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Rebuilding Radio Clinic

July 9, 2015 in History

July 09, 2015 5:00 a.m.

Radio Clinic was one of the 1,616 stores looted during the 1977 Blackout in New York City. In the days after the blackout, the chances of Radio Clinic’s survival looked pretty grim. In the wake of a large-scale disaster the precipitous event might be over; the fires put out and the hurricane waters receded. But for the small business owners whose stores were destroyed, the fight to survive was just beginning. Jen Rubin, the daughter of Radio Clinic’s owner, writes about her father’s experience after the Blackout.


The day after the looting, my dad stood on the sidewalk at Broadway and 98th Street contemplating the ruins of what, just hours earlier, had been Radio Clinic. It was seven in the morning, and while sporadic looting was still going on in other parts of the city, it was over on 98th street. Once assured it was safe to go inside the store, my dad walked to the back office to find a broom to sweep up the broken glass. The trapdoor to the basement warehouse was open letting him know the looters found the staircase to the rest of the merchandise. He didn’t see how the looters could possibly have gotten the large appliances up the steep sailor staircase, but he anxiously climbed down to check for himself. The hundreds of boxes of air conditioners were still there, abandoned in a heap by the foot of the ladder. The lack of an easy way out of the warehouse made all the difference. In the midst of all the bad news, the lingering heat wave was a kernel of good luck. If the heat had loosened its grip on the city in the days after the looting, Radio Clinic would never have made it. Even though Radio Clinic was decimated and everything was stolen off the commercial floor, the store still had a stockpile of air conditioners during a blistering hot week, when New Yorkers were desperate for them.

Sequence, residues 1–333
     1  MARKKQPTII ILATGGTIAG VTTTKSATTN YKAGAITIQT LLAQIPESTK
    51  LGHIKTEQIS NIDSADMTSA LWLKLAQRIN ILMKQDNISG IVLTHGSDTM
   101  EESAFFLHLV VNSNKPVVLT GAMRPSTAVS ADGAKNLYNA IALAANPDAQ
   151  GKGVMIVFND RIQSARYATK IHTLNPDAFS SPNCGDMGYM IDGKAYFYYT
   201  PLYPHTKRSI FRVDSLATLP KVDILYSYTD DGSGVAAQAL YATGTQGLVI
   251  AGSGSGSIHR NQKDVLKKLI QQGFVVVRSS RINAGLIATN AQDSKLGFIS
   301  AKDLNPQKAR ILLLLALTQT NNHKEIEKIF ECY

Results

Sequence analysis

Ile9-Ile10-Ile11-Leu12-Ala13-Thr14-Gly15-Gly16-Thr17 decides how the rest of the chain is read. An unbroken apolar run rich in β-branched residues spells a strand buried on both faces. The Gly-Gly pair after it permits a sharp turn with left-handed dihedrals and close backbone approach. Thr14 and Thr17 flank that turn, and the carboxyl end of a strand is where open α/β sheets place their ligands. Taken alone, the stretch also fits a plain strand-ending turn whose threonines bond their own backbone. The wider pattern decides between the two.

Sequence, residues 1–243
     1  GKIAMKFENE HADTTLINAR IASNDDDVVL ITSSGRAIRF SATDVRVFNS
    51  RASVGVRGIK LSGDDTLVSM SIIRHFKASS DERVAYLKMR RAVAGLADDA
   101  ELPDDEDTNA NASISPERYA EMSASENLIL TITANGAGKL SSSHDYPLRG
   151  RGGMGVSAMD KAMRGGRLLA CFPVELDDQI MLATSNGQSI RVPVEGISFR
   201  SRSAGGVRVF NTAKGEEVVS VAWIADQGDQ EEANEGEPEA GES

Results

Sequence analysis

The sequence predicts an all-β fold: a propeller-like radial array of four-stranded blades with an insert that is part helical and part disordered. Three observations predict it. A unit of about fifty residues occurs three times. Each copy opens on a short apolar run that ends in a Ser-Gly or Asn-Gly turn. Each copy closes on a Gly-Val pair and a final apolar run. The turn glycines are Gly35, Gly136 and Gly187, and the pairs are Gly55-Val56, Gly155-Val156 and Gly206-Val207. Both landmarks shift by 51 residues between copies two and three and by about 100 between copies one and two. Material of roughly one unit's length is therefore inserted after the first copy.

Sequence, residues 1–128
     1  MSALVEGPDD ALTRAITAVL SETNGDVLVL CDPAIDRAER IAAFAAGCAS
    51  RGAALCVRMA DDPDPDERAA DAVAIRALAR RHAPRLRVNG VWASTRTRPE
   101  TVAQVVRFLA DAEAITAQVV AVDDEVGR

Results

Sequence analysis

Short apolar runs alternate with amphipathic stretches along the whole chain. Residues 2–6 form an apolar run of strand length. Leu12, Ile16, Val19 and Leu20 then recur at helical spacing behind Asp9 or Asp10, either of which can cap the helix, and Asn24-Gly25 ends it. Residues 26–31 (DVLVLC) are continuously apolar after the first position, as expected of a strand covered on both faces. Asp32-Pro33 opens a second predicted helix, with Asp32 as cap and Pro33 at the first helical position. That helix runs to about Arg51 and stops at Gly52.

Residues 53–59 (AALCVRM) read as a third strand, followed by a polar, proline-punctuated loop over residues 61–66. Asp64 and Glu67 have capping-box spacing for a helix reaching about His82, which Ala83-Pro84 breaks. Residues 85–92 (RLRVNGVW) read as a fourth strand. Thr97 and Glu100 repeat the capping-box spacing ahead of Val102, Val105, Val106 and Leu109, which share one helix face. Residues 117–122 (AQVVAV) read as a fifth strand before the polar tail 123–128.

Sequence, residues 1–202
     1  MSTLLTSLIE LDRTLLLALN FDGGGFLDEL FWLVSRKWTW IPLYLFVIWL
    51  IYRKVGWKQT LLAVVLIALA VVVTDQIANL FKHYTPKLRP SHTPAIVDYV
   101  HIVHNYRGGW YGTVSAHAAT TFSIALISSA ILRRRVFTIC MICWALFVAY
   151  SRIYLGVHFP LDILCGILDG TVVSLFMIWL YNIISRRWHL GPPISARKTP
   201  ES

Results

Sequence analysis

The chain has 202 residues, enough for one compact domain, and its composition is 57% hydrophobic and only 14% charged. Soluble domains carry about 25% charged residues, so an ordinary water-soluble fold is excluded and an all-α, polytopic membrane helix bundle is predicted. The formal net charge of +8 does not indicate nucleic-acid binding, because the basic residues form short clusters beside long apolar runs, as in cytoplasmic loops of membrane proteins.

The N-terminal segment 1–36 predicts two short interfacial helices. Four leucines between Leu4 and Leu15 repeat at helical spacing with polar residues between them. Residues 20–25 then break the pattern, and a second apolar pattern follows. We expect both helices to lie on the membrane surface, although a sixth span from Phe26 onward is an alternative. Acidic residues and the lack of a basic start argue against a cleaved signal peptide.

Surveying the wreckage that Thursday morning, my dad decided he would re-open by 9 a.m. on Saturday, just two days later. As my dad swept the shattered glass, his employees started to trickle in. The light and electricity were still out and there was no way to know whether it would be hours or days until the power outage was resolved. The …read more


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